Brendon Dassey is well known as a result of the Netflix sensation Making a Murderer. When he was only sixteen years old he was falsely accused and convicted of the murder and sexual assault of Teresa Halbach. Brendon is the nephew of Steven Avery, who was the focus of the documentary. Steven is a Wisconsin man who was proven to be wrongfully convicted of sexual assault. He was exonerated of the sexual assault. Many years later he would go on to be convicted of murder the murder and sexual assault of Teresa Halbach, along with his nephew. He was found guilty and sentenced in 2007 to life without parole. While his conviction has yet to be overturned many people suspect that he was wrongfully convicted of this murder and sexual assault as well. His nephew, Brendon was charged in connection with the murder and sexual assault of Teresa Halbach.
During the police investigation Brendon, who has a low IQ, was made false promises. The investigators were able to elicit a false confession from Brendon, claiming they “already know what happened”. The employed coercive techniques in order to secure information necessary to convict both Brendon and his uncle.
On June 23, 2017 a judge overturned Brendan’s conviction, finding Brendon’s confession to be involuntary under the Fifth Amendment. Brendon will be released within 90 days, unless the state intends to prosecute him again. At the time of his false confession , Brendon was only 16 and did not have an attorney or a parent present, which is his legal right in the United States.
In his petition for release, Brendon argued that his criminal defence lawyer had a conflict of interest in the case, that the police had his coerced his confession and made false promises. The judge found the use of false promises to be the most compelling, citing this as the reason for overturning Brendon’s conviction.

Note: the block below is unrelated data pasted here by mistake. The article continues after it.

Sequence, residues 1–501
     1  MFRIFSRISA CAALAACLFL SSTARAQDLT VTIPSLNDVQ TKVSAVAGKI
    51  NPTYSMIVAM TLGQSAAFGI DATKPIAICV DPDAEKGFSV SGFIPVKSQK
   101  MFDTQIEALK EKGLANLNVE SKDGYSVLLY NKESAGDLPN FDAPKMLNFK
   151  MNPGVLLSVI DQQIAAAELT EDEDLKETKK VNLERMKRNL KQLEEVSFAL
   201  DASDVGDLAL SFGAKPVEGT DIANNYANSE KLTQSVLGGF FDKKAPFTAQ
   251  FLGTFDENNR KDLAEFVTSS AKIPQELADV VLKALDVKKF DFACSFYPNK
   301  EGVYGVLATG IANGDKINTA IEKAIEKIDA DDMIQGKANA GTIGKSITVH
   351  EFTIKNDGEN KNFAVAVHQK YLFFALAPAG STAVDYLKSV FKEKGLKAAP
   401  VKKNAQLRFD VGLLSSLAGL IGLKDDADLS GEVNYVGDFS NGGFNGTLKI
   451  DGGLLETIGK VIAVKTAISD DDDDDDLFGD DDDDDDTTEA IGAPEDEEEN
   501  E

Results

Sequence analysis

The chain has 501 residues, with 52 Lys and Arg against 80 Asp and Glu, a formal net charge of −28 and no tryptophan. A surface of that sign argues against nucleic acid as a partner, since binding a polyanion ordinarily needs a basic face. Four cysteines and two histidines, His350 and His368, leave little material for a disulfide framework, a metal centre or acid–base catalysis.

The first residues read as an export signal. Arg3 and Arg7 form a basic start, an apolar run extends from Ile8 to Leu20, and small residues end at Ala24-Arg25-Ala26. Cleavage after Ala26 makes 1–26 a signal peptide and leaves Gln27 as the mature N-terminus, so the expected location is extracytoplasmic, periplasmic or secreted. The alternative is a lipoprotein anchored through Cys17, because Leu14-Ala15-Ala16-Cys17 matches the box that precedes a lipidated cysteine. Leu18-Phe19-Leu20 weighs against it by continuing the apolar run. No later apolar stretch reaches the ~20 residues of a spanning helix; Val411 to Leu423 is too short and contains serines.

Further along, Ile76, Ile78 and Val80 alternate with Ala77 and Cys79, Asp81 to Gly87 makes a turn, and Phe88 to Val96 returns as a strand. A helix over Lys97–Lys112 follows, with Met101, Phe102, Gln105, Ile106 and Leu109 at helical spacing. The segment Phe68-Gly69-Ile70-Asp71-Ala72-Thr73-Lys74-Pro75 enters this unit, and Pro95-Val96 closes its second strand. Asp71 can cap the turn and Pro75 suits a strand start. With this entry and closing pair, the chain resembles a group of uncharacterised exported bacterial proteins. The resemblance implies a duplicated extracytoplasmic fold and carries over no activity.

In his judgement, Justice Duffin wrote, “[T]he investigators’ collective statements throughout the interrogation clearly led Dassey to believe that he would not be punished for telling them the incriminating details they professed to already know.” Justice Duffin took this opportunity to offer harsh criticism of Wisconsin’s criminal justice system. He said that Brendon’s case represents “extreme malfunction” of the state system. “Consequently, the court finds that the confession Brendon gave to the police on March 1, 2006 was so clearly involuntary in a constitutional sense that the court of appeals’ decision to the contrary was an unreasonable application of clearly established federal law.”
He condemned the use of coercive techniques to elicit false confessions. “False confessions are anathema to the judicial process. They are not beneficial to the prosecutor whose goal is to find, punish, and incapacitate the actual criminal, they are not beneficial to grieving relatives and friends who want to bring justice to the perpetrator of a crime, and of course, they are of no benefit to a wrongfully accused defendant. For these reasons, it is obvious why coercive tactics that lead to a false confession would be an affront to our judicial system.” Justice Duffin stated.
Brendon’s criminal defence lawyers said he and the rest of Brendon’s defence team are “ecstatic” about the ruling. “This is a huge victory, but we are taking a wait and see approach to see what the state’s next move will be.”